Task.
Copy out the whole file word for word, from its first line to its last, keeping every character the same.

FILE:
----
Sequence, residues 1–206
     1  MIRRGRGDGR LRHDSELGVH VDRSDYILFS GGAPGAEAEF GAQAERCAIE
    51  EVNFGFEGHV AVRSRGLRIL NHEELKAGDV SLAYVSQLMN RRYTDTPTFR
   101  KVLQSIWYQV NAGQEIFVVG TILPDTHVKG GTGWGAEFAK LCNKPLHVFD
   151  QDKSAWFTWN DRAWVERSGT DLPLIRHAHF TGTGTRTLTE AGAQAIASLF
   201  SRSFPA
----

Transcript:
Sequence, residues 1–206
     1  MIRRGRGDGR LRHDSELGVH VDRSDYILFS GGAPGAEAEF GAQAERCAIE
    51  EVNFGFEGHV AVRSRGLRIL NHEELKAGDV SLAYVSQLMN RRYTDTPTFR
   101  KVLQSIWYQV NAGQEIFVVG TILPDTHVKG GTGWGAEFAK LCNKPLHVFD
   151  QDKSAWFTWN DRAWVERSGT DLPLIRHAHF TGTGTRTLTE AGAQAIASLF
   201  SRSFPA